Accidental holiday



When winter brings an accidental holiday, this family is reminded of the values they treasure. ©Thinkstock

Modern life can be very busy, so many of us learn to enjoy the “gift” of a snow day—even when it causes hiccups in our plans.

Thanks to some significant wintery weather last February, our little clan had an unexpected day off. My husband, on a brief between-jobs hiatus, was home the Monday morning of a freak slush event; and our high school senior was enjoying yet another snow day. Only our oldest daughter, a preschool teacher, and her home-based business-owning mom had to work.

While our lone commuter got ready to head out, the two guys, both members of the local volunteer fire company, responded to a car accident call right outside town.

Not 20 minutes later, moments after she left the driveway, our daughter’s cell number popped up on my caller ID. She had slid into a roadside ditch not a mile away—within sight of the two-car wreck at which her dad and brother were assisting.

An hour later, four-fifths of our family unit were in an emergency room cubicle, waiting x-ray results.

I quickly threw on warmer clothes, cleaned off the old manual transmission Saturn—a driver’s best friend in dicey conditions—and took off to check on our stranded motorist.

After making sure our daughter was okay, and saying many prayers of thanks, I got back into my car parked on the shoulder, and, flashers on, settled in to watch for the tow truck.

We weren’t sitting long when she called to say her head, side, and back were beginning to hurt—a lot. A quick EMT evaluation led to an ambulance ride to the nearest hospital.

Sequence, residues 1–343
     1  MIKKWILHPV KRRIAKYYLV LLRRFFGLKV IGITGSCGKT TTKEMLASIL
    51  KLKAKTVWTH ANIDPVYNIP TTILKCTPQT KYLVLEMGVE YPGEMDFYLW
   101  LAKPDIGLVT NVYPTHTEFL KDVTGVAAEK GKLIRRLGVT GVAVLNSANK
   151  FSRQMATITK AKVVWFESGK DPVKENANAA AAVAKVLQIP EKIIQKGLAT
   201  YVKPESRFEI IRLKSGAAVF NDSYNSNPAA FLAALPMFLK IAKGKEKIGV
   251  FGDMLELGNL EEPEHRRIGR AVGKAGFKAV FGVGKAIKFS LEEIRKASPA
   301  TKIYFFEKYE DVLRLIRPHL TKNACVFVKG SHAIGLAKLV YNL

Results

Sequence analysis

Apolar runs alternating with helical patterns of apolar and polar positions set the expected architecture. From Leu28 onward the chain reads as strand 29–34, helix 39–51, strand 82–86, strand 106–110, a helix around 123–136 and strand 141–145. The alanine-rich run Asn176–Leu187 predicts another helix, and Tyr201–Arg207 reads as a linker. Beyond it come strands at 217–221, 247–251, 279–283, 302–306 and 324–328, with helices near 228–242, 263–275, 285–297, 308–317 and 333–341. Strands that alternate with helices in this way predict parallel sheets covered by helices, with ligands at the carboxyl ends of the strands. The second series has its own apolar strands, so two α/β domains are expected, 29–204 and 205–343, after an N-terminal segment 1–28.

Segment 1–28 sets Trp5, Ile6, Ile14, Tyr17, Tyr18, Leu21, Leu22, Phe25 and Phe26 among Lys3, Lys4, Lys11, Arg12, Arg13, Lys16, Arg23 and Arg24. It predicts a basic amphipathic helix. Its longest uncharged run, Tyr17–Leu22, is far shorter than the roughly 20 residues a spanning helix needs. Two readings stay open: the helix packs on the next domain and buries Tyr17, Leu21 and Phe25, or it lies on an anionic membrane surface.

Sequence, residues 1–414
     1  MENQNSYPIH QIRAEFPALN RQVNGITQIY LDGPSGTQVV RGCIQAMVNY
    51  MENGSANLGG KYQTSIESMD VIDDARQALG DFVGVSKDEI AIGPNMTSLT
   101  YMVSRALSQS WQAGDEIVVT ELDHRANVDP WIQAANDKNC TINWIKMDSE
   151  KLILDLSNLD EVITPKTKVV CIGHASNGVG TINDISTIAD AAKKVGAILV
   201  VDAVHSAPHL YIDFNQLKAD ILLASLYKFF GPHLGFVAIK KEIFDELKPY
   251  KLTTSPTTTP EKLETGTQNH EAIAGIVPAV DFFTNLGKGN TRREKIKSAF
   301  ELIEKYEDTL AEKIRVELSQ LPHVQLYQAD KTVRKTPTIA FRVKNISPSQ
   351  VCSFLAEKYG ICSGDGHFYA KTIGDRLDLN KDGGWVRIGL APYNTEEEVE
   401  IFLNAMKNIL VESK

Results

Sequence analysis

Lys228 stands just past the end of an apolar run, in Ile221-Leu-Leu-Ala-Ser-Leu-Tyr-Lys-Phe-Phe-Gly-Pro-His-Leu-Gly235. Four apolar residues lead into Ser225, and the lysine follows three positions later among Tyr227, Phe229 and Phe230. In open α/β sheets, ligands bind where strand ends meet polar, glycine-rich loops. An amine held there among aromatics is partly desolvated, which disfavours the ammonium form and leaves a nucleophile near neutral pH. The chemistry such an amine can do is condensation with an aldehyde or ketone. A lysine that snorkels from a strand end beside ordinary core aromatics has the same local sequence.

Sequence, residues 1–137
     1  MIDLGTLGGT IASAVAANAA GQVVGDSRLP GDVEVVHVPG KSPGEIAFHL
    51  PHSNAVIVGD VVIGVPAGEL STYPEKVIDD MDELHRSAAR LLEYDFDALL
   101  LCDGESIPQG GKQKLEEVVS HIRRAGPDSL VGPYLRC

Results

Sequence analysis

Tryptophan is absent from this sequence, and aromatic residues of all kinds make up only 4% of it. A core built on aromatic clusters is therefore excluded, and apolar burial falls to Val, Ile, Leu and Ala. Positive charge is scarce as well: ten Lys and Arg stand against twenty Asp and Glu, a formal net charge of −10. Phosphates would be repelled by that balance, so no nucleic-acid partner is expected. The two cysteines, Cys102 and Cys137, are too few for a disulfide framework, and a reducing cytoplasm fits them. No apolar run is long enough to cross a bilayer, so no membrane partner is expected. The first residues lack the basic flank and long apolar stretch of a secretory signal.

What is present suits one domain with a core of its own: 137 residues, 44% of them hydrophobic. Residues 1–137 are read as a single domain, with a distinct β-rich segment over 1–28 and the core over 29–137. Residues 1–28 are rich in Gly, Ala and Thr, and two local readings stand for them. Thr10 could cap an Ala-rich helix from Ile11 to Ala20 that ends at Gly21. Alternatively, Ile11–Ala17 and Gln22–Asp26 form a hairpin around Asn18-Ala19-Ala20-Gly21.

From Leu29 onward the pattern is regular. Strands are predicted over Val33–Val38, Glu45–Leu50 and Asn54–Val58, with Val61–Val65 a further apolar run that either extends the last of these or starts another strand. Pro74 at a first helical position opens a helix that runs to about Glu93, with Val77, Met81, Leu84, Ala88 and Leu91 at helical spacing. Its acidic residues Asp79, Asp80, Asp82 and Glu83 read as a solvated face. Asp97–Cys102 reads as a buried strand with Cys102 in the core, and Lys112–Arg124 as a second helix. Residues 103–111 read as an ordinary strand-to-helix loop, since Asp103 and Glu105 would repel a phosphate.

An hour later, four-fifths of our family unit were in an emergency room cubicle, awaiting x-ray results. Fortunately it was only soft tissue damage and some bruising—painful, but not dangerous.

The favorable prognosis still involved a long interval before release. The emergency room nurse had quipped when we arrived they’d been running a special on off-road incidents. The physician assistant confirmed the trend, saying this was the sixth or seventh he’d treated since starting his shift, and that was just his caseload.

While the discharge paperwork and prescriptions for pain and inflammation were being prepared, I looked around the tiny curtain-fronted room at my husband and our kids and felt a surge of true happiness. Beyond enormous gratitude for our daughter’s safety, I realized we were in the midst of a special occasion. It was one of those rare instances when life demands you put everything else on hold so you can live in the moment, sharply focused on the people and circumstances that really matter in both the long- and short-run. The day bore no resemblance to the one I’d expected or planned out in my head as I lay between the covers that morning, savoring the misconception I have anything like control over even my own little world. Rather, it was a day that brought four busy souls together, and reminded us what lasts and what doesn’t.

It was a good day, this accidental holiday—a very good day.

SUSAN WRITER lives, works and writes in Maryland. This article was reprinted with permission of The Frederick News-Post and Randall Family, LLC as published on April 1, 2014.


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